A rise in the sea level, Dr. Deshmukh warns, “is especially dangerous for Versova because it is situated at the mouth of the creek and wherever the fishermen keep their boats, they are vulnerable to stormy weather.”
Many in Versova Koliwada have observed these rising sea levels. Harsha Rajhans Tapke, who has been selling fish for 30 years, says, “Because the fish catch has become less, people [builders and locals] have reclaimed the land where we would dry our fish and started building houses there [on the sand].. With this reclamation, the water level in the creek is rising, and we can see that along the shore.”
And when very high rainfall too hits the city, the combined effect on fishing communities – of loss of mangroves, of land reclaimed for construction, of rising sea levels and more – is huge. On August 3, 2019, for example, Mumbai received 204 millimetres of rain – the third highest 24-hour August rainfall in a decade – and a high tide of 4.9 metres (around 16 feet). On that day, several small boats docked at Versova Koliwada were thrashed around by strong waves, and the fishing community suffered heavy losses.
“That side of koliwada [where the boats are kept] has been reclaimed, but for the last seven years, water had not risen as much as it did that day,” says Dinesh Dhanga, chairman of the Versova Mashemari Laghu Nauka Sanghatana, an organisation of around 250 fishermen who work on 148 small boats. “The storm came during high tide, so the water level rose twice as high. Some boats drowned, some were broken. Fishermen lost their nets and water got into the engines of some boats.” Each boat, Dinesh says, can cost up to Rs. 45,000. The nets cost up to Rs. 2,500 each.
All this has had a huge impact on the livelihoods of Versova’s fishing community “We’ve seen a difference of 65-70 per cent in the catch,” says Priya Bhanji. “If we’re taking 10 tokris [baskets] to the market now, we used to take 20 tokris earlier [around two decades ago]. It’s huge difference.”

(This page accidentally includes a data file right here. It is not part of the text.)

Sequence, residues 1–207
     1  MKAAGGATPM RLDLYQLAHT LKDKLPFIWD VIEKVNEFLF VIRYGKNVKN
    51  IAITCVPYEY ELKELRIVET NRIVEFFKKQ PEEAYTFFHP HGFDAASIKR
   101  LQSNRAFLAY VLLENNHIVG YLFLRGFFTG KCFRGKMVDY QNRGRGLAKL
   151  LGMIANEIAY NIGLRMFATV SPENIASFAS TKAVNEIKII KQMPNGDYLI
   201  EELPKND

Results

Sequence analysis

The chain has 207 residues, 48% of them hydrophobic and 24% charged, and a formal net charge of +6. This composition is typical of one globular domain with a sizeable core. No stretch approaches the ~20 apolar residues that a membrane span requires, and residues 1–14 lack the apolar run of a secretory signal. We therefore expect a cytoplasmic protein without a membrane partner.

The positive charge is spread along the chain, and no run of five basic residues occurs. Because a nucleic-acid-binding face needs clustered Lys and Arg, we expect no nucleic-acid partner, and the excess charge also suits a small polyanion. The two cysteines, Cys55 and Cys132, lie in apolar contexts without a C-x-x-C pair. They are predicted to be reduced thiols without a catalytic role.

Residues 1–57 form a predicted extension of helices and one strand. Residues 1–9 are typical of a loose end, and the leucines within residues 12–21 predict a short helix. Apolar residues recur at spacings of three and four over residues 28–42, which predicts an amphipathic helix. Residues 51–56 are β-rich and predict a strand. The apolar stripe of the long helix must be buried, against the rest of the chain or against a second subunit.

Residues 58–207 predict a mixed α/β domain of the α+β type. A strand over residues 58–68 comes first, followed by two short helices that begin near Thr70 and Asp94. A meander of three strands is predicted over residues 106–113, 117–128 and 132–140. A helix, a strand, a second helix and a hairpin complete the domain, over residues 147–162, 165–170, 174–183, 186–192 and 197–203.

And while the size of the catch has decreased, the price at which the women buy the fish at the wholesale market near the dock has risen – so their profits have steadily fallen. “Earlier, we used to sell our biggest piece [of pomfret], about a foot long, for Rs. 500. Now for that price, we sell a six-inch pomfret. The size of pomfret has become smaller and the prices have gone up,” adds Priya, who makes Rs. 500-600 a day on the three days she goes to sell fish.
To tide over the reduced incomes, many in fishing families have sought other work. Priya’s husband Vidyut worked in the accounts department of the central government office (until he took early retirement); his brother Gautam works with Air India as a store manager, while his wife sells fish in the Andheri market. “Now they are doing office jobs [because fishing is no longer viable]” Priya says. “But I can’t do anything else because I am habituated to this.”
Sunil Kapatil, 43, whose family owns a small boat, has also looked for other ways to earn an income. A few months ago, he has started a Ganapati idol-making business with his friend Dinesh Dhanga. “Earlier, we would go fishing in nearby areas, about an hour. Now, we have to travel 2-3 hours. We used to come back with 2-3 petis [baskets] full of fish in a day. Now we’re struggling to catch even one peti…” Sunil says. “Sometimes, we make Rs. 1,000 [a day], sometimes we don’t even make Rs. 50.”
Still, many in Versova Koliwada remain full-time fishermen and fish sellers, struggling against the rising sea level, the rise in temperatures, overfishing, pollution, vanishing mangroves and more – along with a falling catch and smaller fish. Rakesh Sukacha, 28, who had to drop out of school after Class 8 to pitch in with his family’s income, is among those who continue to depend only on fishing. He says: “Our grandfather used to tell us a story: if you see a lion in the jungle, you have to face it. If you run away, it will eat you up. If you win [against him], you are the brave one. In the same way, they told us to learn to face the ocean.”
The author would like to thank Narayan Koli, Jai Bhadgaonkar, Nikhil Anand, Stalin Dayanand and Girish Jathar for their help with this story.
PARI’s nationwide reporting project on climate change is part of a UNDP- supported initiative to capture that phenomenon through the voices and lived experience of ordinary people.
(This article was originally published in the People’s Archive of Rural India on December 4, 2019.)